Breathlessness, an irritating cough and a feeling of tightness in the chest are the typical symptoms of asthma. One form of this chronic respiratory disease is triggered by allergies (e.g. animal hair, mould spores, pollen, faeces from house dust mites etc.) while the other is entirely unrelated to allergies. This second type is generally referred to as “intrinsic asthma” and is much less common.
Asthma is currently considered incurable, but it does respond well to treatment. As a rule, asthmatics can lead a life free of symptoms as long as they take their medication correctly and regularly. Unfortunately, mistakes are often made in this area. As a result, those affected have to see a doctor frequently or end up in accident and emergency.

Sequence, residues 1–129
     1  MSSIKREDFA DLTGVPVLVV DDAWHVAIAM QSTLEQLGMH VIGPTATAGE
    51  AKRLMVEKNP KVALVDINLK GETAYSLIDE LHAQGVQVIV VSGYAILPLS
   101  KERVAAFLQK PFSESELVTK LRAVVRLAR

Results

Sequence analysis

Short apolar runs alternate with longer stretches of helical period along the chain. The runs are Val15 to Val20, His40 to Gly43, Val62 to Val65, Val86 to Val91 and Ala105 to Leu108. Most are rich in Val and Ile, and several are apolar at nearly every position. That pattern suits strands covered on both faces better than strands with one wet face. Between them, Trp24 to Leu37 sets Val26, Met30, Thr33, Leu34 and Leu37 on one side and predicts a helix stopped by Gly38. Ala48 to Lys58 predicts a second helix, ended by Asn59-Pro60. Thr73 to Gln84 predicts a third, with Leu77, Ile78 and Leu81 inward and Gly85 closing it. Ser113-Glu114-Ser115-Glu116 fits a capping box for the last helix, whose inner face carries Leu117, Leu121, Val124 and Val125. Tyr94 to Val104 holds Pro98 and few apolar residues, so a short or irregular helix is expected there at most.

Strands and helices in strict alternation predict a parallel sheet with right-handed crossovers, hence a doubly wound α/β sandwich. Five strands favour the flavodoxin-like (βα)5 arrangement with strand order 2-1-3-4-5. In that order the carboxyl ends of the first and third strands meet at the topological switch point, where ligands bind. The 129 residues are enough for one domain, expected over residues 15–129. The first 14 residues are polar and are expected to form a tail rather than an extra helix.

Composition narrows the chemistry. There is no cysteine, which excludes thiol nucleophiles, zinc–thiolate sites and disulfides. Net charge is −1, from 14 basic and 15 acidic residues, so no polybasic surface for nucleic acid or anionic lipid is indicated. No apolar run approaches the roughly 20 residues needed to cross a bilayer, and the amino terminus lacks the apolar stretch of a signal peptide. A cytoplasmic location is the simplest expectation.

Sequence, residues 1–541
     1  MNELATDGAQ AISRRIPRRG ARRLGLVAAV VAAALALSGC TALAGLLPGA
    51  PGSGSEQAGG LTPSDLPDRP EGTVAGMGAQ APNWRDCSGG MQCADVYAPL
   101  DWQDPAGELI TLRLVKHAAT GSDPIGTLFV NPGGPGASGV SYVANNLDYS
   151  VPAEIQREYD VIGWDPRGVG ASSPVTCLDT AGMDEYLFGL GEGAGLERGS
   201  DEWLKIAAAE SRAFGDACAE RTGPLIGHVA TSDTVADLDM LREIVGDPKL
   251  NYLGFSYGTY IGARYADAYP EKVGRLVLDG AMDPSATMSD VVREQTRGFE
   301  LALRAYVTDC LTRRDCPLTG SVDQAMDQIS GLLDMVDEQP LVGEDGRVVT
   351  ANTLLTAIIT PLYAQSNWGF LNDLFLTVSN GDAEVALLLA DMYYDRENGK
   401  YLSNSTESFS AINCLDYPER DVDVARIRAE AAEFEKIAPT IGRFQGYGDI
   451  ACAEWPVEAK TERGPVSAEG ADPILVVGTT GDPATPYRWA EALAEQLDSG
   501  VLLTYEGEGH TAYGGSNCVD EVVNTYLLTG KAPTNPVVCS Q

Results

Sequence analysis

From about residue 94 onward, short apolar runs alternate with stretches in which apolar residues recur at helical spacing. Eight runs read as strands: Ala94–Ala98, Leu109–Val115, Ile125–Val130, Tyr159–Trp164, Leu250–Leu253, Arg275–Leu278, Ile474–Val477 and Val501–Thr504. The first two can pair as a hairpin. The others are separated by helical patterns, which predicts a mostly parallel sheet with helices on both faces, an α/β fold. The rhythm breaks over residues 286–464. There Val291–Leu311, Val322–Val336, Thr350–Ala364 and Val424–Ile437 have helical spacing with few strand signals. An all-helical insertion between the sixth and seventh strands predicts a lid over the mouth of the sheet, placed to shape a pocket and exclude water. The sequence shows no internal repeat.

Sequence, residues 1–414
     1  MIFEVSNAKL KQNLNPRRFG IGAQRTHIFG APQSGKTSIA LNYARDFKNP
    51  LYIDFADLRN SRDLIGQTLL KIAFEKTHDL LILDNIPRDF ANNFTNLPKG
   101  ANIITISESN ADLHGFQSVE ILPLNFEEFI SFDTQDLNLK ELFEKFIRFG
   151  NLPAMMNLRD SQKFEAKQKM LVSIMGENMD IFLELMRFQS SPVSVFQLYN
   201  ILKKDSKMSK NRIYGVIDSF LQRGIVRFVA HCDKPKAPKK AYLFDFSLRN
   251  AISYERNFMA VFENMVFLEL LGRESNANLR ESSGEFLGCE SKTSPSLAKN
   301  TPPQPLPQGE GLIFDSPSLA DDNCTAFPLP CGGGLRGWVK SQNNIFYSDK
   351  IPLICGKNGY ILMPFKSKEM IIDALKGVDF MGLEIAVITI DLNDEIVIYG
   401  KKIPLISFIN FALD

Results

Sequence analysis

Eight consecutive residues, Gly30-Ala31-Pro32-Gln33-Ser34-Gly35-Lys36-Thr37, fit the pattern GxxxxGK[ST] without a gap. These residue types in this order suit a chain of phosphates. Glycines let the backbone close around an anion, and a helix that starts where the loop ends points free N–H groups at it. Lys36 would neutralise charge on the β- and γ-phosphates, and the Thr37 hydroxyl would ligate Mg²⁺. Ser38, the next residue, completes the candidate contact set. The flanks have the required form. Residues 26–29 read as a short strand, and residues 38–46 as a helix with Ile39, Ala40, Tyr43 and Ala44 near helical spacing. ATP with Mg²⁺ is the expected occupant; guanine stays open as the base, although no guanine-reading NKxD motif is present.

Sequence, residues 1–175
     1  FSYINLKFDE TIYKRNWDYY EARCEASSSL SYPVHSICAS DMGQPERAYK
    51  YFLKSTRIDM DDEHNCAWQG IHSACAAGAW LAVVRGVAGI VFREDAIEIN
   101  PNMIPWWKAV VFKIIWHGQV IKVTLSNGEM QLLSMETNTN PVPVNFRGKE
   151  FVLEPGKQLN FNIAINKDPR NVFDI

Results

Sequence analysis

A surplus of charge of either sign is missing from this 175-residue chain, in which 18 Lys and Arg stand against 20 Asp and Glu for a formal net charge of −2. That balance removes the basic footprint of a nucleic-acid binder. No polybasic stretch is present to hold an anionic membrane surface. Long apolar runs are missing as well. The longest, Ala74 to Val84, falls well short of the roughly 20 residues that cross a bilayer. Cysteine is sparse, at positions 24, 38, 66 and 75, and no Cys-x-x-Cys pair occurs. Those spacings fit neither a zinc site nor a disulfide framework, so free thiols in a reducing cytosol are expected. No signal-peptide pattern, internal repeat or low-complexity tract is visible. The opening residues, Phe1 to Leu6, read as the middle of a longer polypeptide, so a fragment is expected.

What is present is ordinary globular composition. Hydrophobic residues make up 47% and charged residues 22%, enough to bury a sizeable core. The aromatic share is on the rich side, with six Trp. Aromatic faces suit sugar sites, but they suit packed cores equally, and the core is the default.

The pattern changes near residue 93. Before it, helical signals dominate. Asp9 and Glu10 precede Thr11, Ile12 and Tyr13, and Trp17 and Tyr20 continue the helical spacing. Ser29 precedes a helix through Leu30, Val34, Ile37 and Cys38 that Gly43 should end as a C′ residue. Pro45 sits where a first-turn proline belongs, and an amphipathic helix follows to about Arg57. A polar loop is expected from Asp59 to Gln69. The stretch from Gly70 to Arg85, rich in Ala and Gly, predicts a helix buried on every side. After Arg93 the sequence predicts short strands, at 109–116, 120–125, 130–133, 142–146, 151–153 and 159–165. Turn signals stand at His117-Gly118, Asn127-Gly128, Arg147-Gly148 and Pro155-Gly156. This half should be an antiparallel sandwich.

In order to prevent mistakes, the Swiss Lung League has compiled a series of instructional films with application tips for the following asthma sprays: Ellipta, Diskus, Dosieraerosol and Turbuhaler. It emphasizes that these asthma drugs only work if they are correctly inhaled. The following rules must be observed
- The inhaler must be loaded and operated correctly.
- The medication must find its way deep into the bronchial tubes.
- The medication must not be exhaled immediately.
Asthma can also be controlled to some extent by behaviour. Known triggers of allergic asthma should be avoided, but other triggers (e.g. cold, dry air, dust, cigarette smoke, chemical and physical irritants, odours, and locations with polluted air) can also cause discomfort. Contacts with triggers of all kinds should be kept to a minimum.